Md. pension trustees are often absent

Schaefer, Grasmick among those missing many board sessions

$29.5 billion fund

Dixon controls scheduling, nearly always attends

November 18, 2001|By Michael Dresser and Jon Morgan | Michael Dresser and Jon Morgan,SUN STAFF

Maryland Comptroller William Donald Schaefer and three other high-ranking officials on the state's powerful pension board frequently don't show up for its meetings.

Schaefer, state schools Superintendent Nancy S. Grasmick and Col. David B. Mitchell, the state police superintendent, have missed more than 40 percent of the board's monthly meetings since January 1999.

State Budget Secretary T. Eloise Foster also has missed 40 percent of the meetings since she joined the board in June 2000.

The four serve on the 14-member board of trustees that oversees Maryland's $29.5 billion pension system, which lost more than $3 billion last fiscal year. The system covers 300,000 state employees, public school teachers and retirees.

The Maryland system recently finished last in a national ranking of the investment performance of large public pension funds.

Schaefer is the only elected official on the board. He blamed its chairman, state Treasurer Richard N. Dixon, for many of his absences, saying last week that Dixon frequently changed meeting dates for his convenience.

Schaefer also is a member of the board's investment committee. He has failed to attend more than half of those meetings.

He said he had "no excuses" for missing the monthly committee meetings. "I just didn't attend them," he said.

By contrast, Dixon has faithfully attended meetings of both the board and the committee. Dixon has an advantage because, as chairman, he can reschedule board meetings at will.

The meetings missed by Schaefer, Grasmick and Mitchell include one on March 24, 2000, when the pension board made a critical change in the system's investment policy. The decision, which shifted the fund more aggressively into stocks, proved costly when the market began tumbling the next day.

Grasmick missed 18 of 38 board meetings since Jan. 1, 1999, and Mitchell missed 16. Schaefer did not attend 15 of the 37 meetings since he took office later that month. Foster has been absent for eight of 20 board meetings and seven of 16 investment committee meetings since joining the board.

Grasmick said changes in meeting times have frequently created conflicts with her calendar, which she said is set months in advance. She said she does her best within the limits of her "incredible" schedule.

"I don't apologize for my work ethic. It's 14 or 15 hours a day," she said.

A spokesman for Mitchell said that when a matter of public safety comes up, it takes precedence over attendance at the pension board.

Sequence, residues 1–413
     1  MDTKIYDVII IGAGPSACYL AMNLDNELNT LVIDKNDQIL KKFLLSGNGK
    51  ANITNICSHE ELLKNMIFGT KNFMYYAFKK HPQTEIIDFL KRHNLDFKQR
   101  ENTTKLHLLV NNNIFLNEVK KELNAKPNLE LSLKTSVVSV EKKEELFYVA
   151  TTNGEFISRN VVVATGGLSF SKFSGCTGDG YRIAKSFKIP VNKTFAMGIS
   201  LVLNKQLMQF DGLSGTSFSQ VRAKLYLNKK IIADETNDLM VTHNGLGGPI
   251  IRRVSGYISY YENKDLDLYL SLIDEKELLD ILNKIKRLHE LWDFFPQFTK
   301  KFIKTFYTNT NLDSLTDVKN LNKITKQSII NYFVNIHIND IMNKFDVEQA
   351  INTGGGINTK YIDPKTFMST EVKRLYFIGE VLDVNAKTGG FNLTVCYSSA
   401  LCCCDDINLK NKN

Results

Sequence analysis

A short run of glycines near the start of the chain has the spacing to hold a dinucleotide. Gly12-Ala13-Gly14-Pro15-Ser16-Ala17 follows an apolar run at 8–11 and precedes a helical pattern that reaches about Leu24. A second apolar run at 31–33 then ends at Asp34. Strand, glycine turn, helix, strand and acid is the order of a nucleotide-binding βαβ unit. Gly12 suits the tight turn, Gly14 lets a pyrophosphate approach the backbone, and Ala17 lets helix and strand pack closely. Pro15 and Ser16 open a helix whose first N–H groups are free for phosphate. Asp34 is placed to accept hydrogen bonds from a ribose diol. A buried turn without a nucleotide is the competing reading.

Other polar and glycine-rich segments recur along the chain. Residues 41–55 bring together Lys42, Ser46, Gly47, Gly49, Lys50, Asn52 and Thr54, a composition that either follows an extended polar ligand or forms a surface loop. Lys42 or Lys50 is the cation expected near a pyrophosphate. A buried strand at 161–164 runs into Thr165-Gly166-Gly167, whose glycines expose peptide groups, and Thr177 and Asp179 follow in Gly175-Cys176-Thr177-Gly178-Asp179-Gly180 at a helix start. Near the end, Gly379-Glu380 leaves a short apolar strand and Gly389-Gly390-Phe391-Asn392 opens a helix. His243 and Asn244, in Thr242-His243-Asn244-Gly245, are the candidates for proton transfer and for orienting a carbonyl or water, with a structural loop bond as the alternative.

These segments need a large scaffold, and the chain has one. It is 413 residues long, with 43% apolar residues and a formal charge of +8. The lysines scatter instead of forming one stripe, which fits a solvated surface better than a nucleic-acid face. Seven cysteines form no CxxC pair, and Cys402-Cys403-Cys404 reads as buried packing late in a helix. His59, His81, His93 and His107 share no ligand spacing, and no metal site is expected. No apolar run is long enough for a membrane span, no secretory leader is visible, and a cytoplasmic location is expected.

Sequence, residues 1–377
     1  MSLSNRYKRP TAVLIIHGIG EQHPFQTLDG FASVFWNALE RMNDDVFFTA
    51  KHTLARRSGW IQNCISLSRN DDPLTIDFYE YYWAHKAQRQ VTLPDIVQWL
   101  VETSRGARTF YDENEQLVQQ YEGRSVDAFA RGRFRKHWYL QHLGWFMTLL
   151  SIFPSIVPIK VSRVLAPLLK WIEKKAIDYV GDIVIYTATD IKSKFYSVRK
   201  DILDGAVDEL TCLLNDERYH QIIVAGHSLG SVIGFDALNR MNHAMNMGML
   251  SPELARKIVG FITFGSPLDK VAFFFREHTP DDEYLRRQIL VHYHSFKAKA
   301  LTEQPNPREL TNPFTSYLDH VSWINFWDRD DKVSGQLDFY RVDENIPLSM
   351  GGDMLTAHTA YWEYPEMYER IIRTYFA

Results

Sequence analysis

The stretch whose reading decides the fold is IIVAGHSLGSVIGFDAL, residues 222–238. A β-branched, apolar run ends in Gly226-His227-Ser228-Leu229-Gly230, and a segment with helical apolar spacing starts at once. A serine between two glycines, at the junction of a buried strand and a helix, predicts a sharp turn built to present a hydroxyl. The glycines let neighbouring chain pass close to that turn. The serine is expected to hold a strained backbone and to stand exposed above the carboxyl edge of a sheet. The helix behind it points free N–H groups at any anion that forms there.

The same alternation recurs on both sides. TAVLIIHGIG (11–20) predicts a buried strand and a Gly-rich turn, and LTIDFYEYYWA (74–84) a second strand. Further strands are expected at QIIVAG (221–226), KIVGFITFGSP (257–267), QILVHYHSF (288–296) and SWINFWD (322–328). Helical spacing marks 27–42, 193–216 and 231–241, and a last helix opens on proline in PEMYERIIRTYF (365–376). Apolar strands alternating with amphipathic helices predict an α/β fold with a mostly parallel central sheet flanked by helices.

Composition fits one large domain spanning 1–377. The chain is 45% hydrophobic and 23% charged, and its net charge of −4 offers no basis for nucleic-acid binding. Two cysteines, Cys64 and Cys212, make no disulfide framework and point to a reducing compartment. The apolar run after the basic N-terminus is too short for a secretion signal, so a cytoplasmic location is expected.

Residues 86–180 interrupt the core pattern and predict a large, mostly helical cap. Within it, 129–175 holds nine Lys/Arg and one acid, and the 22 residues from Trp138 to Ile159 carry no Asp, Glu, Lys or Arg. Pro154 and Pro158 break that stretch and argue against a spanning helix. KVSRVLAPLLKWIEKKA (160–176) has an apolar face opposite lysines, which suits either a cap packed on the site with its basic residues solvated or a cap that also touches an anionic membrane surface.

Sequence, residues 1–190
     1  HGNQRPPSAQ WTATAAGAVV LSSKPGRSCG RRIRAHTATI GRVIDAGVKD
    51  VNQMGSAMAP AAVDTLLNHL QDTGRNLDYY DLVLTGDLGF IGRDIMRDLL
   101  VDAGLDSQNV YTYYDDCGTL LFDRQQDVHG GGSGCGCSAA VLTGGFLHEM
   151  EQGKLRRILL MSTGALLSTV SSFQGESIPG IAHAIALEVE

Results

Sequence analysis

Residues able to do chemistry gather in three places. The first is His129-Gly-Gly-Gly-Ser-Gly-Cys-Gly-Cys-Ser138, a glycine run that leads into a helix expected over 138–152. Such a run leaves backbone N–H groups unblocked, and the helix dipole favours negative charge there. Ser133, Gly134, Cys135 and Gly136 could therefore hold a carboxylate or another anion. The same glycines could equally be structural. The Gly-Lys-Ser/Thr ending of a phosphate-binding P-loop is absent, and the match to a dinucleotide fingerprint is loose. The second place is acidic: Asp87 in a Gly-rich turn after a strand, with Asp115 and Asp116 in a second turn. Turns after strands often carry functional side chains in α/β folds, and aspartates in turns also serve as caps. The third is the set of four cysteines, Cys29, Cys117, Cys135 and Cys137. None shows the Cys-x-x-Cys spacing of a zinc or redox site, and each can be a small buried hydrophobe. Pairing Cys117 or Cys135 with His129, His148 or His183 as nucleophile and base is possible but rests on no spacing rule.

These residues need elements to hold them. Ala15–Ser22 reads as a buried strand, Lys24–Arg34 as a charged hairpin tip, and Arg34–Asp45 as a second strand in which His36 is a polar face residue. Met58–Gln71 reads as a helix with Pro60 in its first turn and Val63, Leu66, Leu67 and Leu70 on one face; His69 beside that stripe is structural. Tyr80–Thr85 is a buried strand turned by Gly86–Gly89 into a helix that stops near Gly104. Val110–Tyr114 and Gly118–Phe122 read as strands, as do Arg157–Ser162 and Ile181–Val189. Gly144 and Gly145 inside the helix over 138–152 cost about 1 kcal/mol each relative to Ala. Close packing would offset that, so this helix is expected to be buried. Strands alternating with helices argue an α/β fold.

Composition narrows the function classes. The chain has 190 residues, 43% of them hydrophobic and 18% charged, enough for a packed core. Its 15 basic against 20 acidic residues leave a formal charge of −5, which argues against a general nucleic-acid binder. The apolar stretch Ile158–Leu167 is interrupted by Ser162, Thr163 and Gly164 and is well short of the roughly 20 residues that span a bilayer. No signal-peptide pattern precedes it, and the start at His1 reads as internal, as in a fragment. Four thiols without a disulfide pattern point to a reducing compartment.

Foster did not return a call seeking her comment.

The treasurer, comptroller, budget secretary and the school and police superintendents all serve on the pension board by virtue of the offices they hold.

Employee representatives

The other trustees are elected by plan participants or appointed by the governor. Several of those trustees, all of whom serve without pay, had far better attendance records.

State police Maj. Morris L. Krome missed no meetings. State employee representative Arthur N. Caple Jr., teacher representative Carl D. Lancaster and state police representative G. Bruce Harrison all attended more than 90 percent of board meetings.

One researcher who has studied public pension funds said they often suffer from their reliance on government officials with little time to devote to the task or background in finance. Of the five Maryland trustees with the worst attendance records, four are high state officials.

"The drawback is how much time and effort are they going to put into the position, given what else they have going on?" said John Nofsinger, an assistant professor of finance at Washington State University.

Boards overseeing large pension funds for private corporations tend to be smaller and include people with an interest in the job, he said. Because public pensions are not subject to federal oversight, as their private counterparts are, he said the role of the trustees is even more important.

The composition of Maryland's board is about average for public funds, Nofsinger said. In general, he said, a pension board should have at least half its members elected by the beneficiaries. Six of Maryland's 14 trustees are elected by plan participants.

Goldstein's legacy

Former state Comptroller Robert L. Swann, who was named to the office after the death of Comptroller Louis L. Goldstein in July 1998, said he missed no meetings of the board or the investment committee during his six-month tenure. Swann said he was following in the footsteps of Goldstein, who served as comptroller for 40 years.

"He was very religious about the retirement system and the need to be involved and to attend," said Swann, who worked for Goldstein for 28 years.

Swann said he and Goldstein saw pension board meetings as an important part of the comptroller's job.

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